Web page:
A computer readable signal medium may include a propagated data signal with computer readable program code embodied therein, for example, in a baseband or as part of a carrier wave. Such a propagated signal may take any of a variety of forms, including, but not limited to, electro-magnetic, optical, or any suitable combination thereof. A computer readable signal medium may be any computer readable medium that is not a computer readable storage medium and that can communicate, propagate, or transport a program for use by or in connection with an instruction execution system, apparatus, or device.

Computer code embodied on a computer readable medium may be transmitted using any appropriate medium, including but not limited to wireless, wireline, optical fiber cable, radio frequency (RF), etc., or any suitable combination thereof.

Computer program code for carrying out operations for aspects of the present invention may be written in any combination of one or more programming languages, including an object oriented programming language such as Java™, Smalltalk™, C++, or the like, and conventional procedural programming languages, such as the “C” programming language or similar programming languages. The program code may execute entirely on the user's computer, partly on the user's computer, as a stand-alone software package, partly on the user's computer and partly on a remote computer, or entirely on the remote computer or server. In the latter scenario, the remote computer may be connected to the user's computer through any type of network, including a local area network (LAN) or a wide area network (WAN), or the connection may be made to an external computer (for example, through the Internet using an Internet Service Provider).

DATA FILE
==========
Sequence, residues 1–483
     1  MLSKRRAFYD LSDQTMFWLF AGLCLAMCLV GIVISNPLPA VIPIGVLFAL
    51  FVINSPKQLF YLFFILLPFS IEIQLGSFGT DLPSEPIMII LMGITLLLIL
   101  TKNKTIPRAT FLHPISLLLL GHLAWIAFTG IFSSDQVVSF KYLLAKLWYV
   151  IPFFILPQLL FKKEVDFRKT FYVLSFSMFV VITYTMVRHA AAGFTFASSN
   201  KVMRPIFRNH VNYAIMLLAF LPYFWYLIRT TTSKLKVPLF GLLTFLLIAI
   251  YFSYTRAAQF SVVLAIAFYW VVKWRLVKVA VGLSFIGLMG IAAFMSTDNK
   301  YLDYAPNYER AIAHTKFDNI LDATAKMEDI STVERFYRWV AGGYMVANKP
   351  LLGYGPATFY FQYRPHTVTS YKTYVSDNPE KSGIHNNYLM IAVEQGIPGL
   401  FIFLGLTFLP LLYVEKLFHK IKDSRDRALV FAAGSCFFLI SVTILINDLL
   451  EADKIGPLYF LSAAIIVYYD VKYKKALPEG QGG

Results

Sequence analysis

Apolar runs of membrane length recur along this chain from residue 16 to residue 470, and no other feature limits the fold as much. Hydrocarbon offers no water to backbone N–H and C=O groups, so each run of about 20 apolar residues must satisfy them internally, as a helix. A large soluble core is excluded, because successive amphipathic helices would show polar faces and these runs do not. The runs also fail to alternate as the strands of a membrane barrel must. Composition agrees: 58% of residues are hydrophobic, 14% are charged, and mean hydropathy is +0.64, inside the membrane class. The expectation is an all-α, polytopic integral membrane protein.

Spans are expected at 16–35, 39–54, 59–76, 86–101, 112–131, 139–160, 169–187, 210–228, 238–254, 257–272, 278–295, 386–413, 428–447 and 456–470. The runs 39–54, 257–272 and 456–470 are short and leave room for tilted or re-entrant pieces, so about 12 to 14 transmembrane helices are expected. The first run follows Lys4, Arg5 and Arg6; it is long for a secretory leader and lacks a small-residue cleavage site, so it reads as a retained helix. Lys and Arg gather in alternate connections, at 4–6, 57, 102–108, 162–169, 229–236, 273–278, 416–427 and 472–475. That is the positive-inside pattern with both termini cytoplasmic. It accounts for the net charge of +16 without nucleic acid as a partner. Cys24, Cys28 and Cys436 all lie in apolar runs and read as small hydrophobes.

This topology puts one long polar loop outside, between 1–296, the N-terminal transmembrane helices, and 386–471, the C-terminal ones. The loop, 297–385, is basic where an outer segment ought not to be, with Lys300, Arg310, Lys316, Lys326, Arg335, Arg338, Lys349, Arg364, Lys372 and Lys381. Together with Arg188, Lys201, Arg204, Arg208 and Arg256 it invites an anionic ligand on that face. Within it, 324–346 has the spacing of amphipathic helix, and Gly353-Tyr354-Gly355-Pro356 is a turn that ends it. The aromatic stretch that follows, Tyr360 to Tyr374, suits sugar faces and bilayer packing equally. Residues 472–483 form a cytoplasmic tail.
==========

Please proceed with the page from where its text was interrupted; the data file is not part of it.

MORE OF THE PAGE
Aspects of the present invention are described below with reference to flowchart illustrations and/or block diagrams of methods, apparatus (systems and computer program products according to the illustrative embodiments of the invention. It will be understood that each block of the flowchart illustrations and/or block diagrams, and combinations of blocks in the flowchart illustrations and/or block diagrams, can be implemented by computer program instructions. These computer program instructions may be provided to a processor of a general purpose computer, special purpose computer, or other programmable data processing apparatus to produce a machine, such that the instructions, which execute via the processor of the computer or other programmable data processing apparatus, create means for implementing the functions/acts specified in the flowchart and/or block diagram block or blocks.

These computer program instructions may also be stored in a computer readable medium that can direct a computer, other programmable data processing apparatus, or other devices to function in a particular manner, such that the instructions stored in the computer readable medium produce an article of manufacture including instructions that implement the function/act specified in the flowchart and/or block diagram block or blocks.

The computer program instructions may also be loaded onto a computer, other programmable data processing apparatus, or other devices to cause a series of operational steps to be performed on the computer, other programmable apparatus, or other devices to produce a computer implemented process such that the instructions which execute on the computer or other programmable apparatus provide processes for implementing the functions/acts specified in the flowchart and/or block diagram block or blocks.

FIG. 6 depicts a flow diagram of the operation performed by a cross-allocated block repair mechanism for a mounted file system in accordance with an illustrative embodiment. As the operation begins, bitmap logic within cross-allocated block repair mechanism generates an allocation information bitmap and a duplicated block information bitmap in memory for a file system on a device (step 602). Each bit within the allocation information bitmap and the duplicated block information bitmap represents a file system block in the file system. The allocation information bitmap representing the allocation state of the file system and the duplicated block information bitmap representing blocks that are cross allocated across multiple inodes or multiple times within a same inode. The bitmap logic initially sets each bit in the allocation information bitmap and the duplicated block information bitmap to a first state (step 604).